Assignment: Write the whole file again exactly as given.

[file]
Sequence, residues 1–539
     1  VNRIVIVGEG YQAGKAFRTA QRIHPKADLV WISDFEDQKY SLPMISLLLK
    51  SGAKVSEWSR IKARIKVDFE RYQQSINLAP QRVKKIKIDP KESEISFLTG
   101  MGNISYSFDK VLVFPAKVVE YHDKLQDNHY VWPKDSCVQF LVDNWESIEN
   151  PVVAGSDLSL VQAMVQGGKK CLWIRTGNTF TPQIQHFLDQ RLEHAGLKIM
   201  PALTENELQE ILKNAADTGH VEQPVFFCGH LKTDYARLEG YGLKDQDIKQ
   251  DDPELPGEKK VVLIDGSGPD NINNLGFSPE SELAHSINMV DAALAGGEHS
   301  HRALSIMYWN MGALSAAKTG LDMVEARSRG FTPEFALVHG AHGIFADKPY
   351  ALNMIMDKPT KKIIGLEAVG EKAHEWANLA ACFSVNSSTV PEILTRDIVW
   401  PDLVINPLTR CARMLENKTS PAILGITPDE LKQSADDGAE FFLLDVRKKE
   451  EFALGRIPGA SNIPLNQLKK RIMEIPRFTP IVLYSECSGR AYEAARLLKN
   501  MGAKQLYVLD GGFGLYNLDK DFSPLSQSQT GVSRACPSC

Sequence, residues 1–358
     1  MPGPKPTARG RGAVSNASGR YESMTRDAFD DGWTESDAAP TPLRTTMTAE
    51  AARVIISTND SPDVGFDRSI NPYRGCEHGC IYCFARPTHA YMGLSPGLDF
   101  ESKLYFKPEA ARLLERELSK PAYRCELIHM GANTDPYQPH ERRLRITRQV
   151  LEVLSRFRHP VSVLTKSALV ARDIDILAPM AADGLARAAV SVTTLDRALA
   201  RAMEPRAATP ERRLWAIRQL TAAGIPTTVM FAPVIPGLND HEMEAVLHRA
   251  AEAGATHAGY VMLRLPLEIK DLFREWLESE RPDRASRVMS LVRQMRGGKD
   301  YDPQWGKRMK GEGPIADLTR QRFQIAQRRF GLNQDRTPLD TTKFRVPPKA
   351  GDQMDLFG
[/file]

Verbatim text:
Sequence, residues 1–539
     1  VNRIVIVGEG YQAGKAFRTA QRIHPKADLV WISDFEDQKY SLPMISLLLK
    51  SGAKVSEWSR IKARIKVDFE RYQQSINLAP QRVKKIKIDP KESEISFLTG
   101  MGNISYSFDK VLVFPAKVVE YHDKLQDNHY VWPKDSCVQF LVDNWESIEN
   151  PVVAGSDLSL VQAMVQGGKK CLWIRTGNTF TPQIQHFLDQ RLEHAGLKIM
   201  PALTENELQE ILKNAADTGH VEQPVFFCGH LKTDYARLEG YGLKDQDIKQ
   251  DDPELPGEKK VVLIDGSGPD NINNLGFSPE SELAHSINMV DAALAGGEHS
   301  HRALSIMYWN MGALSAAKTG LDMVEARSRG FTPEFALVHG AHGIFADKPY
   351  ALNMIMDKPT KKIIGLEAVG EKAHEWANLA ACFSVNSSTV PEILTRDIVW
   401  PDLVINPLTR CARMLENKTS PAILGITPDE LKQSADDGAE FFLLDVRKKE
   451  EFALGRIPGA SNIPLNQLKK RIMEIPRFTP IVLYSECSGR AYEAARLLKN
   501  MGAKQLYVLD GGFGLYNLDK DFSPLSQSQT GVSRACPSC

Sequence, residues 1–358
     1  MPGPKPTARG RGAVSNASGR YESMTRDAFD DGWTESDAAP TPLRTTMTAE
    51  AARVIISTND SPDVGFDRSI NPYRGCEHGC IYCFARPTHA YMGLSPGLDF
   101  ESKLYFKPEA ARLLERELSK PAYRCELIHM GANTDPYQPH ERRLRITRQV
   151  LEVLSRFRHP VSVLTKSALV ARDIDILAPM AADGLARAAV SVTTLDRALA
   201  RAMEPRAATP ERRLWAIRQL TAAGIPTTVM FAPVIPGLND HEMEAVLHRA
   251  AEAGATHAGY VMLRLPLEIK DLFREWLESE RPDRASRVMS LVRQMRGGKD
   301  YDPQWGKRMK GEGPIADLTR QRFQIAQRRF GLNQDRTPLD TTKFRVPPKA
   351  GDQMDLFG